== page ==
Conformational changes of the retinal chromophore about the C14-C15 bond in bacteriorhodopsin (BR) have been proposed in models for the mechanism of light-driven proton transport. To determine the C14-C15 conformation in BR's L550 intermediate, we have examined the resonance Raman spectra of BR derivatives regenerated with retinal deuterated at the 14 and 15 positions. Vibrational calculations show that the C14-2H and C15-2H rocking modes form symmetric (A) and antisymmetric (B) combinations in [14,15-2H]retinal chromophores. When there is a trans conformation about the single bond between C14 and C15 (14-s-trans), a small frequency separation or splitting is observed between the A and B modes, which are found at approximately equal to 970 cm-1. In 14-s-cis molecules, the splitting is large, and the Raman-active symmetric A mode is predicted at approximately equal to 850 cm-1. In addition, the monodeuterium rock should appear at an unusually low frequency (920-930 cm-1) in the 14-2H-labeled 14-s-cis molecules. These patterns are insensitive to computational details: similar results are predicted by a modified Urey-Bradley force field and by MNDO (modified neglect of differential overlap) calculations for twisted chromophores and for highly delocalized protonated Schiff base cations. Time-resolved resonance Raman spectra were obtained of BR's L550 intermediate regenerated with [14-2H]-...
The metabolism of homologous plasma proteins, labeled with lysine-ε-C14, after oral administration to dogs has been investigated. The speed of the various processes involved is indicated by the maximum rate of C14 O2 excretion which is attained within 1 to 4 hours, the prompt appearance of protein activity in the plasma and disappearance of non-protein activity from it, both virtually complete in 7 to 10 hours, as well as the rapid incorporation of a large percentage of the fed-C14 into tissues. There are no essential differences between the behavior of labeled plasma and that of an amino acid digest containing ε-C14 labeled lysine when these two materials are given orally. At the end of 48 hours after labeled plasma feeding, a CO2 elimination of 16 to 28 per cent of the fed C14 is noted. In contrast, after 48 hours following labeled plasma by vein, a CO2 elimination of only 2.5 per cent is recorded—almost a 10 to 1 ratio. We believe this, together with the data concerning plasma and tissue protein activity, represents a significant difference in the metabolic process. The evidence favors a complete breakdown of plasma protein to the amino acid level when given orally but not when given by vein.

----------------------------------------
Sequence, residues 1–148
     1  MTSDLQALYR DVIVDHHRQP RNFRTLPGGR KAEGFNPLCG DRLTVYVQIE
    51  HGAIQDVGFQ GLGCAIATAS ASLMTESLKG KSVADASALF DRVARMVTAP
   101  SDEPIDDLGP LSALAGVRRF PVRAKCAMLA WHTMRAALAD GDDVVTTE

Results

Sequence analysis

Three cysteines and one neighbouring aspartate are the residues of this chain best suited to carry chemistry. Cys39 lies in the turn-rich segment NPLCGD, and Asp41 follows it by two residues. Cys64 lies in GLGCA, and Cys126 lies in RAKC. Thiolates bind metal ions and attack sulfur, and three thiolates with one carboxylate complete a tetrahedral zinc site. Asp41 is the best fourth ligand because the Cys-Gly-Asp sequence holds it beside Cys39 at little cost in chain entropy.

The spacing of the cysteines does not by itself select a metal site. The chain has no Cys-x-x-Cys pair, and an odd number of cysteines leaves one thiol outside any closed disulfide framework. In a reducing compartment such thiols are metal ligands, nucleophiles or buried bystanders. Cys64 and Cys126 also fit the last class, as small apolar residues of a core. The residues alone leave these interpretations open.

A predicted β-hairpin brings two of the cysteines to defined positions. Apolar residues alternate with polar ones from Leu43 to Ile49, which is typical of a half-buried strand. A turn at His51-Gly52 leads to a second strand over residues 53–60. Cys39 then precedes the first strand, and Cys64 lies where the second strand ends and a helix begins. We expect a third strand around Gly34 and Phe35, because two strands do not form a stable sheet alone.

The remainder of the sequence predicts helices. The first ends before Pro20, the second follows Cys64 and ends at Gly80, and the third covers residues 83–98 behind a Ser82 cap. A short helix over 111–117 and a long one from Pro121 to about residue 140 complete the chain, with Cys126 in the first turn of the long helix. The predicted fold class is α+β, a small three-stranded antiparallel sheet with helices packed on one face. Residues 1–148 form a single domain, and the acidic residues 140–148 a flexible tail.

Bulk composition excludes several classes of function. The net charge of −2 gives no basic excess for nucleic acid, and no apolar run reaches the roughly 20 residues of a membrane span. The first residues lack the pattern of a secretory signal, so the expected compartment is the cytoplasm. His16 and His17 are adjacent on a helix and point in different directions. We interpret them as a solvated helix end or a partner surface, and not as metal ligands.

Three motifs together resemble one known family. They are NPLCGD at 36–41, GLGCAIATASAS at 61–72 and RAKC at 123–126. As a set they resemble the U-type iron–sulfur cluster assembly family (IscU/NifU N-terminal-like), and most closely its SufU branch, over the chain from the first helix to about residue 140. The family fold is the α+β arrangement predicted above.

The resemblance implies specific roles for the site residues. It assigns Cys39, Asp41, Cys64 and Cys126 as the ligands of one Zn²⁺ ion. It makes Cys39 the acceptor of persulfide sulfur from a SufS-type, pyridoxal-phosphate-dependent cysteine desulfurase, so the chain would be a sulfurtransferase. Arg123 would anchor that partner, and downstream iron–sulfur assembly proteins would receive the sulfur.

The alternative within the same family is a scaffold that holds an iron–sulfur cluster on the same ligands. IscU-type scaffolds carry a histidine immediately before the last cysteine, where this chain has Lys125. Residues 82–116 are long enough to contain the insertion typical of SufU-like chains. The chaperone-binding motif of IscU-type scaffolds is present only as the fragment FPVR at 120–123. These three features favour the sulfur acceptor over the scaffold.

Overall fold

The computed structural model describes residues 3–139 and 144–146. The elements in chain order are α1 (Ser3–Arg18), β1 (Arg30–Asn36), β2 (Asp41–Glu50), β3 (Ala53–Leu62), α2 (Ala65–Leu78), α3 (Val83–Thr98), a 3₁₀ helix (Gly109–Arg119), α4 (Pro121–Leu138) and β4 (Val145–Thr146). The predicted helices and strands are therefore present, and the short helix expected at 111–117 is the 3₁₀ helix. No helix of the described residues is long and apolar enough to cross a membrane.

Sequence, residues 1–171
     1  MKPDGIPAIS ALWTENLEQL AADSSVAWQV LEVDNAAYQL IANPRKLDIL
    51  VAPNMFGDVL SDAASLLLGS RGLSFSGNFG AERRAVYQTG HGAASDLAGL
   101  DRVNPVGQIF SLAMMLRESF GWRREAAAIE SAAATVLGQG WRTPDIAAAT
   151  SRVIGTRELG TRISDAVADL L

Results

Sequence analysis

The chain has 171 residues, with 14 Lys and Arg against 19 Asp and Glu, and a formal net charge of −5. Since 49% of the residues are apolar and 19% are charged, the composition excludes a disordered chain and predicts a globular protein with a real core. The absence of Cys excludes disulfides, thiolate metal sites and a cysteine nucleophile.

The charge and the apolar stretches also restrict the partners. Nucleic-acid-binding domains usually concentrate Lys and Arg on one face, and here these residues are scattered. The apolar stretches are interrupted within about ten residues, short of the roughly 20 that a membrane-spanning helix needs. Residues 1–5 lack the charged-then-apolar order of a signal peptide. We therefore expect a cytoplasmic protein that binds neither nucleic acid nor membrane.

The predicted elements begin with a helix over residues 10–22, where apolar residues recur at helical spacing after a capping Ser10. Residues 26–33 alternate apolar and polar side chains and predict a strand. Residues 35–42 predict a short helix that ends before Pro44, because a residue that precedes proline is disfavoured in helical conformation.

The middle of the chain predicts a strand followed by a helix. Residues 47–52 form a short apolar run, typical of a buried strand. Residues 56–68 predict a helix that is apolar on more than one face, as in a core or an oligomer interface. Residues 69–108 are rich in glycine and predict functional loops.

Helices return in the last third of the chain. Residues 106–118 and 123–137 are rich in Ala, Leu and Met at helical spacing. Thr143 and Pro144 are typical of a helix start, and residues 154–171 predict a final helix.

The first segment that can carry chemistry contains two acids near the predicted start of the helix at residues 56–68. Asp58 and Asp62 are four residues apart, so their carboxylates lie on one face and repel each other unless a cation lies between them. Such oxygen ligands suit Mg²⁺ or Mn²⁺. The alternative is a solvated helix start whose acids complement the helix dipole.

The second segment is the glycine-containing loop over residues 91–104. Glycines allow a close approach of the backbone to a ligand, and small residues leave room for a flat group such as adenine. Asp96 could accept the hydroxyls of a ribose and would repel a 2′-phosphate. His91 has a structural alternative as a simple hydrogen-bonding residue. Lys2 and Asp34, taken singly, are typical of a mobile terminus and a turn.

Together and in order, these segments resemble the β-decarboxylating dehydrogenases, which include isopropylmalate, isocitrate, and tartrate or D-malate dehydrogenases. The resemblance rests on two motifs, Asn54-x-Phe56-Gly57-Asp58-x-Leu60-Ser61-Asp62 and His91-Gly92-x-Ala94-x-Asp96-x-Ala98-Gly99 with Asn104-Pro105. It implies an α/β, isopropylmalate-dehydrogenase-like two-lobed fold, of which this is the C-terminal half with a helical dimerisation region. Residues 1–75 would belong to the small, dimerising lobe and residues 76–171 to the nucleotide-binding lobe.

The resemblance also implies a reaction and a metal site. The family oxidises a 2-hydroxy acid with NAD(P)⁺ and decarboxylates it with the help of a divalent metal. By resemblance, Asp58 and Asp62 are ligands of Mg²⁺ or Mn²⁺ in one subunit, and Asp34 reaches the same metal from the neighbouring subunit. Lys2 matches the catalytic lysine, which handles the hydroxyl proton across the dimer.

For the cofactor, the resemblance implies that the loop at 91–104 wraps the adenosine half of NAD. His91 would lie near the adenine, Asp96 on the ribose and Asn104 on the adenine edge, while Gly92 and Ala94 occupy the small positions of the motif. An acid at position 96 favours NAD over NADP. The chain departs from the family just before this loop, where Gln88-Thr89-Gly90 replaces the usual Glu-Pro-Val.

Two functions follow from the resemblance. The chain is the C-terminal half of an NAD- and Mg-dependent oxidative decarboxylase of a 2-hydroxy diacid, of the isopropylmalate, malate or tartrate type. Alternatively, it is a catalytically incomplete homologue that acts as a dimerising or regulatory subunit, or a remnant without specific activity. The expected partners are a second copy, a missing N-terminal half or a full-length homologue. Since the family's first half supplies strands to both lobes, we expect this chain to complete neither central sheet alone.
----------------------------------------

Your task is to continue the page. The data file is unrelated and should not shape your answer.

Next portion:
A study of the rates of incorporation in vivo of labeled amino acids into tissue proteins was undertaken to find the best time at which intermediates in the process might be found. The rates observed were so fast that we decided to investigate the process in some detail. The amino acids were L-α-aminoadipic-6-C14 acid, glycine-1-C14, L-histidine-2-C14-imidazole, L-leucine-1-C14, and L-lysine-1-C14.